2020 SkS Weekly Climate Change & Global Warming Digest #41

Story of the Week... El Niño/La Niña Update... Toon of the Week... Climate Feedback Article Review... Coming Soon on SkS... Poster of the Week... SkS Week in Review...

Story of the Week...

How Joe Biden could reorient foreign policy around climate change

A new report lays out a series of bold steps Biden could take as president without any help from Congress.

Joe Biden


When climate activists evaluate Joe Biden, they tend to focus on domestic policy. But the realities of the US system of government are such that the president is fairly constrained on domestic policy — by Congress, the courts, and his own party.

It is foreign policy where the president has the most power and discretion. How and whether Biden centers climate change in his foreign policy will be an enormous part of his legacy.

Biden has a deep record on foreign policy — his personal connection with world leaders is one of his regular talking points — and in particular he claims considerable credit for securing the Paris climate agreement (though the exact extent of his involvement is somewhat in dispute). But relative to his domestic policies, his climate pledges on foreign policy have come in for less attention and scrutiny from the climate world.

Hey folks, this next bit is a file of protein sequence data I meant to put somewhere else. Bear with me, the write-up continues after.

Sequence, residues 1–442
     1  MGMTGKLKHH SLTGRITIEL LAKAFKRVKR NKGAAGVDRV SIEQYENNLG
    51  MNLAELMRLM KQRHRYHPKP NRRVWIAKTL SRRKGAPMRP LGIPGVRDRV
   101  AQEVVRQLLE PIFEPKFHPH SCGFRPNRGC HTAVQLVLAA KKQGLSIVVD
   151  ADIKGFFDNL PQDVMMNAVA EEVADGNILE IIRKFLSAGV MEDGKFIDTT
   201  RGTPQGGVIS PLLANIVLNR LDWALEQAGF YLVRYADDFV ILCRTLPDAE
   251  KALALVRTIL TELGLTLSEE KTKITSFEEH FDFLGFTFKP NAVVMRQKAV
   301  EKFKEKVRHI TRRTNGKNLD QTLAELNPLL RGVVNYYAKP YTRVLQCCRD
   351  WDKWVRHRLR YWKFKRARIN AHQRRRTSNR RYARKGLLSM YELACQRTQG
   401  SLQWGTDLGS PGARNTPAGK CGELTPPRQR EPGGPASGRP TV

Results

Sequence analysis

new report out Friday from the Climate Solutions Lab (CSL), housed at the Watson Institute of International and Public Affairs at Brown University, helps address that deficit. It takes a close look at what Biden has pledged to do to advance climate action through foreign policy and suggests 10 further actions he could take — on his own, on day one — without any help from Congress.

One of the overarching lessons from the report is that the president’s foreign-policy powers are extensive and have never been fully pressed in service of climate action. It is a look at how Biden can best use his power where he has the most of it.